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After talks with her husband, sons, minister, and local doctors; Janet Adkins decided she didn?t want to undergo the sustained mental deterioration that Alzheimer?s Disease caused (Uhlman 111). She began to realize she had the disease when she started forgetting songs and failed to recognize notes as she played the piano (Filene 188). ?She read in Newsweek about Dr. Jack Kevorkian and his ?Mercitron? machine, then saw him on the ?Donahue? Television show? (Filene 188). With her husband?s consent but objections by sons and doctors, she telephoned him to arrange to kill herself (Filene 188). She still had a life expectancy of at least ten years with the illness, but she wished to die. She wanted to die before the disease robbed her of her competence (Larson 229). Kevorkian later killed Adkins and faced the consequences boldly (Hendin, ?Suicide in America? 247). The background, process, and effects of Dr. Kevorkian?s questionable first patient, Janet Adkins, have a very detailed story in them.
Janet Adkins led a very productive life up to and even after she had been diagnosed with Alzheimer?s, but she couldn?t handle losing control of her brain (Filene 188). She was 54 years old and lived in a wealthy Oregon suburb with her stock broker husband, Ron. She was also the mother of three sons, taught English and piano, went hang gliding, trekked in Nepal, climbed Mount Hood, and generally behaved with a lot of energy (Gutmann 20). She and her husband were longtime Hemlock society members, which advocates Euthanasia in some cases (Betzold 22). ?Doctors at a Portland hospital told her that eventually she would be dependent on her husband for feeding and bathing? (Gutmann 21). She did not want to take her own life in case she messed it up, and her own doctors wouldn?t help her (Hendin , ?Seduced by Death? 132). Though she was still able to carry on clear conversations and demolish her son at tennis; her husband explained that if she was going to go, she?d probably want to go to soon rather than to late (Gutmann 21). After hearing about Kevorkian, Ron Adkins contacted him to employ his services (Wolfson 56). Her husband complained to Dr. Kevorkian that he had to remind her of the times of her tennis lessons, and that she kept leaving her purse in the house. After the brief conversation, Kevorkian agreed to meet with her (Gutmann 20). ?Dr. Kevorkian was a retired pathologist in Michigan with a passionate commitment to promoting assisted suicide and the use of his ?suicide machine?? (Hendin, ?Seduced by Death? 130). He had an abiding interest in helping people die painlessly. He was the perfect person to carry out Janet?s wishes (Larson 229).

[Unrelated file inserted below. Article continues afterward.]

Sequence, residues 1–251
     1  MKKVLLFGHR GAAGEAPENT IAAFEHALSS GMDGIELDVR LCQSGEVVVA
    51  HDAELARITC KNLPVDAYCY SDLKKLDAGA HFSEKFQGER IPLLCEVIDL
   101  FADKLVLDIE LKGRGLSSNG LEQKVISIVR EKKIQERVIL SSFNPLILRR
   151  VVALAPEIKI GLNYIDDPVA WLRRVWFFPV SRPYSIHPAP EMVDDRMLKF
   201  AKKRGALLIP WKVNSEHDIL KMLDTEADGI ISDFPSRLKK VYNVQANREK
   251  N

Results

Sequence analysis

Dr. Kevorkian and Janet Adkins then met to discuss their intentions and eventually carry out the suicide (Hendin, ?Seduced by Death? 134). Kevorkian and his two sisters, Margo and Flora, met with Ron, Janet, and Janet?s closest friend Carroll Rehmke in their motel room on June 2, 1990 (Wolfson 56). ?He had already prepared authorization forms signifying Janet?s intent, determination, and freedom of choice, which she readily agreed to sign? (Wolfson 56).
While she was resolute in her decision, and absolutely mentally competent, her impaired memory was apparent when she needed her husband?s assistance in forming the cursive letter ?A.? She could print the letter but not write it, and the consent forms required that her signature be written. So her husband showed her on another piece of paper how to form the cursive letter ?A,? and Janet complied (Wolfson 56).
He then asked her questions from behind a camera in a pre-death consultation. She frequently had to turn to Ron for help with the answers (Betzold 22).
He asked her, ?What are you asking for? Can you put it in plain words??
?I don't know,? Janet Adkins replied.
?Do you want to go on??
?No, I don?t want to go on.?
?You don?t want to go on living??
?What?s the word for that??
?No. What is the word for the end of life? What happens when you stop living??
?Is that what you wish??
?Yes? (Betzold 22).
Through this method Kevorkian believed he had established informed consent (Betzold 23). ?As a former pathologist, he had not been Adkin?s attending physician and further lacked the special training necessary to evaluate a patient?s mental state? (Larson 229). The week before she died, Janet selected the music and the readings
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Medical ethics, Euthanasia, Suicide methods, Jack Kevorkian, Kevorkian, Disability rights, Euthanasia device, Assisted suicide, Gutmann, Hendin, The Knack, dr jack kevorkian, janet adkins, suicide in america, mental deterioration, local doctors, america 247, hemlock society, portland hospital, productive life, stock broker, mount hood, society members, newsweek, losing control, donahue, life expectancy, television show, larson, objections, competence
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